In 2019, the global sports nutrition market was valued at $15.6 billion and was expected to grow at a CAGR of 8.9% by 2027, according to a report published by Grand View Research (GVR).
Bodybuilding supplements are most popular among weightlifters and athletes and are taken before or after a workout. Consumption of certain supplements as part of a healthy diet may result in quicker muscle recovery, increased strength, and increased exercise performance.
What is a Supplement?
For better results, one must combine the supplements with adequate weight training and a balanced diet.
Types of Supplements for Bodybuilding
Supplement manufacturers provide various types of supplements, and one must consider choosing them for muscle growth based on their needs and activity level. The effectiveness of a supplement depends on various factors, and the most crucial are the ingredients used in it.
There are two types of supplements, pre-workout and post-workout supplements. Both types of supplements are easily available on the market, and food supplement manufacturers supply them in a variety of forms, such as pills, powders, and ready-to-drink shakes.
Below are the common ingredients used in bodybuilding. Let’s review the ingredients for both pre and post-workout supplements.
a. Pre-Workout Supplements
Pre-workout supplements are designed to provide energy throughout the workout, and they are taken ideally 15-30 minutes before a workout but can also be consumed during one.
Below are the common ingredients found in pre-workout supplements:
Creatine helps to supply energy to body cells, particularly muscle cells, and it is a naturally occurring compound. It consists of three amino acids L-arginine, glycine, and L-methionine.
Creatine is stored in the muscles when supplemented and used as an energy source during high-intensity activity. It is known to increase power, strength, and muscle mass.
Caffeine reduces fatigue and signs of pain and also promotes physical and mental energy. Caffeine is often included in pre-workout supplements and is known to benefit athlete performance in short-term high-intensity exercise and endurance-based activities.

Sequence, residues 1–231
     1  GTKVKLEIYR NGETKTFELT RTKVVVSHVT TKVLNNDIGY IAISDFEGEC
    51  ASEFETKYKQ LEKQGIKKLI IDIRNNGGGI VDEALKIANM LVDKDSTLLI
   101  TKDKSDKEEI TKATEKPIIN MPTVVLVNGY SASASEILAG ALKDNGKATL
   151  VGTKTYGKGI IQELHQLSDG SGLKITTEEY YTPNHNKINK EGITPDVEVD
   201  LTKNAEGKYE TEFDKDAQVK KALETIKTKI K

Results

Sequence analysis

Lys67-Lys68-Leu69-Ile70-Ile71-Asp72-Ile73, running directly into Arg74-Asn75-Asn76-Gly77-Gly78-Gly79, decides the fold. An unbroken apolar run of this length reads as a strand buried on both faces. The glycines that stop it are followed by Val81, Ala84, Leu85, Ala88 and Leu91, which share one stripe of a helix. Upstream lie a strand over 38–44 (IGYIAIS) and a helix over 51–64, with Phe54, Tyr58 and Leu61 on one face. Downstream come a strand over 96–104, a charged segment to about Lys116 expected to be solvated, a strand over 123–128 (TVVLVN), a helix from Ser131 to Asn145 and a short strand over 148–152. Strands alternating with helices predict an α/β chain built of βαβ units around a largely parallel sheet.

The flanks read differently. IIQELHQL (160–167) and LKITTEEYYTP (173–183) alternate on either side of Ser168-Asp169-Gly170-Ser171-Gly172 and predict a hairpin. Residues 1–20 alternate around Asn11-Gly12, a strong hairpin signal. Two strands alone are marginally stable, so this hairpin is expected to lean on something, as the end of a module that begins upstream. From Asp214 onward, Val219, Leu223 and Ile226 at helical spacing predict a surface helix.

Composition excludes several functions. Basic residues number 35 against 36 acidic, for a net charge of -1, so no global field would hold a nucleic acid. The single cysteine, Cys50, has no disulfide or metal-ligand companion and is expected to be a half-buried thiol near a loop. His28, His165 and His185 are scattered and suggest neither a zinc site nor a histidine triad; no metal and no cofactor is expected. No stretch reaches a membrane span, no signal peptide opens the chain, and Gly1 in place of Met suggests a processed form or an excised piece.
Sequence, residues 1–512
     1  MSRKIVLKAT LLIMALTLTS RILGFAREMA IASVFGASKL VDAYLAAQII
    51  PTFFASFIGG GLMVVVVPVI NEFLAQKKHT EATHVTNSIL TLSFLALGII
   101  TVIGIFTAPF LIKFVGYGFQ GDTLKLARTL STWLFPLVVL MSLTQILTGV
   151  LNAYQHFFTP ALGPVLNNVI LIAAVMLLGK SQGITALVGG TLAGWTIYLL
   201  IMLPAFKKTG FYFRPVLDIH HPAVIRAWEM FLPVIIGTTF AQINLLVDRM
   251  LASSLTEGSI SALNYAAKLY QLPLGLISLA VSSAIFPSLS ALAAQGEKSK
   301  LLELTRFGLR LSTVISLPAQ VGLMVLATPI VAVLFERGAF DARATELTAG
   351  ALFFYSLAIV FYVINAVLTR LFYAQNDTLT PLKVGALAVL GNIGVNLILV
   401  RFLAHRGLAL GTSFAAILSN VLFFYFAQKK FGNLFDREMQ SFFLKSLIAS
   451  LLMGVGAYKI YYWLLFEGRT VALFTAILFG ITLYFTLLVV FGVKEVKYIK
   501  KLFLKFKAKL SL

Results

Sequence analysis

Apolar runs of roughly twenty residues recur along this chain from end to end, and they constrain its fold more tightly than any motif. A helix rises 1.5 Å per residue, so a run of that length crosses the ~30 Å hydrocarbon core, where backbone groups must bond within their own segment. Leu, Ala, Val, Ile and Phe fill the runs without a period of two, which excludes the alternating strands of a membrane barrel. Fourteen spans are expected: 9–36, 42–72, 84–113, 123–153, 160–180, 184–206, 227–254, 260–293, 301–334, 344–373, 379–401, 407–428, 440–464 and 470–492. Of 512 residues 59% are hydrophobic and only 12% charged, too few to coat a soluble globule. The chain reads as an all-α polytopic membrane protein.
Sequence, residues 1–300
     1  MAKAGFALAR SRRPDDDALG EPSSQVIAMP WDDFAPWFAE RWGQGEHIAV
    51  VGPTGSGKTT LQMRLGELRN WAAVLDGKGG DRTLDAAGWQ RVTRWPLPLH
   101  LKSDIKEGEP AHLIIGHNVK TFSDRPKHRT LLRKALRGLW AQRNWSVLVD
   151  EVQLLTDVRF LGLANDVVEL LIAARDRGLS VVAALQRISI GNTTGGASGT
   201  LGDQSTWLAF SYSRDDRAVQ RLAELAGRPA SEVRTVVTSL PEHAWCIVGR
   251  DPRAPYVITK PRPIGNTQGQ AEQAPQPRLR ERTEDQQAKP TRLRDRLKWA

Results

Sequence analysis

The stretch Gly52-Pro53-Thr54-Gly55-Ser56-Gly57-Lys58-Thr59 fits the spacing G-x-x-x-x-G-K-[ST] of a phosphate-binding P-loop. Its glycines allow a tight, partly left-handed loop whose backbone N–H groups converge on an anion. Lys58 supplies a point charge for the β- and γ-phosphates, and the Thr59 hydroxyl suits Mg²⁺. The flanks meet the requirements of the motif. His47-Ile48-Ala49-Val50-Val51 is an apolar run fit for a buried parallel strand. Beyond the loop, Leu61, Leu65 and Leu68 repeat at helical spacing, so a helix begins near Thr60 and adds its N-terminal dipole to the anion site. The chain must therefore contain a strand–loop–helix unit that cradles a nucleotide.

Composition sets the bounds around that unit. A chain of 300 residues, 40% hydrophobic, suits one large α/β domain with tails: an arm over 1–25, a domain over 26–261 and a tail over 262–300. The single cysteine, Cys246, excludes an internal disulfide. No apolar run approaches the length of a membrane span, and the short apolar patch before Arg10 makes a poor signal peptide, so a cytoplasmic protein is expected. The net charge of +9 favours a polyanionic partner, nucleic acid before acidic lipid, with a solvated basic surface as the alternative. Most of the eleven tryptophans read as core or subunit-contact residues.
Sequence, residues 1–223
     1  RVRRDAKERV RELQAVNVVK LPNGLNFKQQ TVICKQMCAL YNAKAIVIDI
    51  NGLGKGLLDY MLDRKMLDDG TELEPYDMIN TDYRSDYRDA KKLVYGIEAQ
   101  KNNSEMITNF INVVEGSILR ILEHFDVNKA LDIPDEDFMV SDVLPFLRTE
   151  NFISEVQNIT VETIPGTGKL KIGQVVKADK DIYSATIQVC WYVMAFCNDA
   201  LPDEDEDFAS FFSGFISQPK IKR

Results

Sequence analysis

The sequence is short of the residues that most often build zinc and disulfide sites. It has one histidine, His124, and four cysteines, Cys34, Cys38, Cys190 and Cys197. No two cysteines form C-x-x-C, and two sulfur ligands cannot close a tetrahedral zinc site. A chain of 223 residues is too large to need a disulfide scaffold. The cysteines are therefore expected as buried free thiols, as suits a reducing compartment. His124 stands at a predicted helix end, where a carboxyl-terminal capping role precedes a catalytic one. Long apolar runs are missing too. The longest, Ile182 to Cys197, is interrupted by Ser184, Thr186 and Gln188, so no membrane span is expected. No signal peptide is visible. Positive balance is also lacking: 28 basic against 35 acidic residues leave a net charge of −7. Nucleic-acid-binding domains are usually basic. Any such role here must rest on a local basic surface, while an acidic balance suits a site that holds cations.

Consumption of 3-6 mg caffeine per kilogram of body weight an hour before exercise is recommended by the International Olympic committee.
Beta-alanine is an amino acid found in fish, poultry, and meat and is also produced in the liver. It is recommended to consume 4-6 grams per day of beta-alanine for better workout performance, particularly in high-intensity interval training (HIIT). It has also been shown to reduce neuromuscular fatigue in older adults.
During exercise, the body produces lactic acid, which leads to muscle fatigue. Beta-alanine works by reducing the amount of lactic acid produced during exercise, allowing one to exercise for longer periods of time.
b. Post-Workout Supplements
A variety of post-workout supplements are supplied by supplement manufacturers and marketed to consumers to increase muscle mass by enhancing muscle repair, growth, and recovery. Post-workout supplements should be consumed after a workout session, and below are their key ingredients:
In a muscle-building supplement stack, protein is one of the essential ingredients. For the general population, recommended levels of daily protein intake are approximately 0.8 to 1.4 grams per kilogram of body weight. People might be able to get sufficient levels of protein from their diet, however, some choose to support it with supplements.
Protein helps in muscle tissue repairs, and muscle recovery provides building blocks for muscle growth and gives one energy to power their workouts. When selecting a supplement, make sure it contains whey protein.
2. Branched Chain Amino Acids (BCAA)
BCAAs are three essential amino acids: leucine, valine and isoleucine. The human body is not capable of producing BCAAs on its own; therefore, one must get them from their diet.
BCAAs help in building and repairing muscle tissue, and they can be obtained from protein-rich foods such as fish, chicken, red meat, and eggs. They are also sold as dietary supplements in the form of powder.
Replenishing glycogen stores after a workout session with sufficient carbohydrate intake is essential for muscle recovery. Beginning the next workout session with adequate muscle glycogen stores results in improved exercise performance.
It is recommended to consume 3-5 grams per kilogram for low-intensity exercises, 5-7 grams per kilogram for moderate intensity, and 6-12 grams per kilogram of carbohydrate intake per day for high-intensity exercise, and normal dietary intake is typically sufficient to restore muscle glycogen levels.
All in All
There are many dietary supplements supplied by food supplement manufacturers on the market, but not all are effective. Check out the ingredients listed above, as these are safe and effective for most people.
For businesses looking to establish their own branded bodybuilding supplement products, feel free to schedule an appointment with our OEM dietary supplement specialists for a full consultation.